Living Classroom Cultivates Gardens & Minds

Posted on May 18, 2013 by  
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Each Los Altos School District campus boasts an edible and native habitat garden tucked into its playground spaces for the Living Classroom Program, which features hands-on science, math and social studies lessons for students in grades K-8.

Curtis Schneider, seventh-grade science teacher at Egan Junior High, said programs like the Living Classroom are especially important in today’s technology-driven world.

“(Students) need balance and also need to base their learning on real-world living things – they need to have connections to nature and understand how amazingly connected we all are to the natural world which sustains all life on the planet,” he said.

Schneider and colleague Julia McFarland collaborated with the Living Classroom staff in the design, use and maintenance of Egan’s garden. In addition to teaching Living Classroom lessons, Schneider and McFarland direct the after-school Garden Club, which oversees upkeep, including care of the native habitat garden and planting, harvesting and eating the produce they grow. Students make the compost and grow seedlings in a greenhouse as well.

Volunteers teach Living Classroom lessons and periodically help maintain the gardens. Local donors fund the program, under the umbrella of the Los Altos Community Foundation.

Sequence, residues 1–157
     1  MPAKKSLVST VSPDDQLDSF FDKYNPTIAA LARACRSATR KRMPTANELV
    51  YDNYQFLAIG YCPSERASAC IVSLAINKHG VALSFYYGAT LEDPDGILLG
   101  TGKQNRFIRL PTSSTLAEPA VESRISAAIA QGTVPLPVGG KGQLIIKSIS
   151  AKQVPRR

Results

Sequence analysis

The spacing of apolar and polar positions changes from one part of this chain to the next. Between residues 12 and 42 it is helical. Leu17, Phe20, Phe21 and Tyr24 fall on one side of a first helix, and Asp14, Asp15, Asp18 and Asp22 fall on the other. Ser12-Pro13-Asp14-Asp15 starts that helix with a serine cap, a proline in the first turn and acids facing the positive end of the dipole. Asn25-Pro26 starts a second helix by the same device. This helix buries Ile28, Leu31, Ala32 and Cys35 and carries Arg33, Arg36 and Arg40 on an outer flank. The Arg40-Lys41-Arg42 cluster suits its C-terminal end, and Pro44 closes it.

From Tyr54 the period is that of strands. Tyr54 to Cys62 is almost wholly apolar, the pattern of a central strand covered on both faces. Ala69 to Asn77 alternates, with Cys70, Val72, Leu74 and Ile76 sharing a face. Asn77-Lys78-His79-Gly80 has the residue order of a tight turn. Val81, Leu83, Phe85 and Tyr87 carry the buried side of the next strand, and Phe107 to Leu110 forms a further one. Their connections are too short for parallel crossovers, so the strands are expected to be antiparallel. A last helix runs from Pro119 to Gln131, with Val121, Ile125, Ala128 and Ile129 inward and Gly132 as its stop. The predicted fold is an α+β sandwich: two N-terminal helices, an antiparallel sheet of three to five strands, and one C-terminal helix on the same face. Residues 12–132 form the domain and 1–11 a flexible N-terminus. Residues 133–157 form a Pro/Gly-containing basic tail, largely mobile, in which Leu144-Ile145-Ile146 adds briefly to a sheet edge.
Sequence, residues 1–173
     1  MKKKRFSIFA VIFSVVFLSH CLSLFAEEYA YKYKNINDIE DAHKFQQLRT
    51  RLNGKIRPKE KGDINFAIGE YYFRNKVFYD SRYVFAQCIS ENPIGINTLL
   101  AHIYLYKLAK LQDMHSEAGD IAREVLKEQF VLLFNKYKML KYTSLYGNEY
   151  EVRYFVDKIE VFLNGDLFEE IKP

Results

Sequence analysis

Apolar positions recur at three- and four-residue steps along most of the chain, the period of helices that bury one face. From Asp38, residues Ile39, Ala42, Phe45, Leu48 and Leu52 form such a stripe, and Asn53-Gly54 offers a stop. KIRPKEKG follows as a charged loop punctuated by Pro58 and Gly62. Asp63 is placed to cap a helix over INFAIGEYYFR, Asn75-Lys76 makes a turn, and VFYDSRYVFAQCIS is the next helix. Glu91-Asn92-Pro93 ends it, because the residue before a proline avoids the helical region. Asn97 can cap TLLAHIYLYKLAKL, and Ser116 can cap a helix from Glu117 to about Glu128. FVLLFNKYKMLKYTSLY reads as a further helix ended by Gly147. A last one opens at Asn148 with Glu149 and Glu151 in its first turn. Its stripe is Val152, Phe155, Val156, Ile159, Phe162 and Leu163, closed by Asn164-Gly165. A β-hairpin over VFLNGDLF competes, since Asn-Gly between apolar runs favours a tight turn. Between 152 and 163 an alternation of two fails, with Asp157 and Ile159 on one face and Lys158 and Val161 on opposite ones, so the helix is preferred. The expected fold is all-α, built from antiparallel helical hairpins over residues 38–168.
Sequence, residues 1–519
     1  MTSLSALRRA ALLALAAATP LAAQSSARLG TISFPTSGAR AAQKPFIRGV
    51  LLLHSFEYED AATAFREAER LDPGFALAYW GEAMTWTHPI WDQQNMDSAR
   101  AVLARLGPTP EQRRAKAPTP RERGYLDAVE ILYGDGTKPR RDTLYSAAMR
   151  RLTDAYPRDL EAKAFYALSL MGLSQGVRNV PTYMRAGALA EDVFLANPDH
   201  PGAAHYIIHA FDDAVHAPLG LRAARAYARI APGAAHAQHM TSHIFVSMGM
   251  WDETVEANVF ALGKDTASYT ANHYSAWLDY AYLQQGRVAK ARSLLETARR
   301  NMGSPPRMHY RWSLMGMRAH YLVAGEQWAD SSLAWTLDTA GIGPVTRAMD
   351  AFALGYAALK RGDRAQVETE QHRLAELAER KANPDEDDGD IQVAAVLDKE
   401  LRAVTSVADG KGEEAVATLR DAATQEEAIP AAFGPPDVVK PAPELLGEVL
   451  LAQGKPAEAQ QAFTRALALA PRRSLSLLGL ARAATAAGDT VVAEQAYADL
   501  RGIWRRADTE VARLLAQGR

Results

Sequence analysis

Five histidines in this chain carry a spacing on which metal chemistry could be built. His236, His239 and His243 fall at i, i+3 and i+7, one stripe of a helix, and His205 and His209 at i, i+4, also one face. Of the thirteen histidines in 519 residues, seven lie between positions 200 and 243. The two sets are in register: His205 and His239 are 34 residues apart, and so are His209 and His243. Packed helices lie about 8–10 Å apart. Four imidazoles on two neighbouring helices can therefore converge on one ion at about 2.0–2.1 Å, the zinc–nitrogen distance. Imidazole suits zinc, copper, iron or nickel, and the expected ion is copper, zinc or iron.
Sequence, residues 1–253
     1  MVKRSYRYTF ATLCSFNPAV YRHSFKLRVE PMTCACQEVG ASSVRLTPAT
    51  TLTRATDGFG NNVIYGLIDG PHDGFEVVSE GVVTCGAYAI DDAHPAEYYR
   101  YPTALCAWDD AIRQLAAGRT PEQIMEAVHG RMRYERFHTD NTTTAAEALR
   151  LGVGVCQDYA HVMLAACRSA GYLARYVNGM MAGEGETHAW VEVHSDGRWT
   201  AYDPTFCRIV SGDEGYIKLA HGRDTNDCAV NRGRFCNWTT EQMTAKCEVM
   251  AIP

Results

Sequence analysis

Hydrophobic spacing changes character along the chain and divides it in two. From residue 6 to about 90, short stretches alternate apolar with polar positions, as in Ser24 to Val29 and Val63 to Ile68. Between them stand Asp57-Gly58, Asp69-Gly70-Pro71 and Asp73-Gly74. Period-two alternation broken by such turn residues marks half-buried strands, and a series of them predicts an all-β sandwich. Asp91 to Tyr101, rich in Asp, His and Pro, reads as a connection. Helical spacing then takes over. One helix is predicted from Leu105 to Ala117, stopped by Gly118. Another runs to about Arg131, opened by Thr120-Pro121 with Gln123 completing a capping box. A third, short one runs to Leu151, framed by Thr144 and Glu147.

Mike Sanderson, Living Classroom Program coordinator for the Los Altos School District, said the program – scheduled to present a record-breaking 672 lessons this year – includes 35 volunteer docents, each offering a unique perspective and background. “The community support for Living Classroom continues to astound me,” he said.

Kim Bain’s second-graders at Springer School have received Living Classroom lessons for the past four years.

“My students absolutely love Living Classroom lessons,” she said. “They remember every lesson because they are experiential and relevant to them and they can learn in a beautiful outdoor garden setting.”

Bain said students learn the scientific method by conducting experiments.

“They understand why plants are so crucial to our lives, what a plant life cycle looks like, where food comes from, what decomposition is and looks like, and even why coordinate grids are important in everyday life,” she said. “The lessons are a highlight of the school year for them.”

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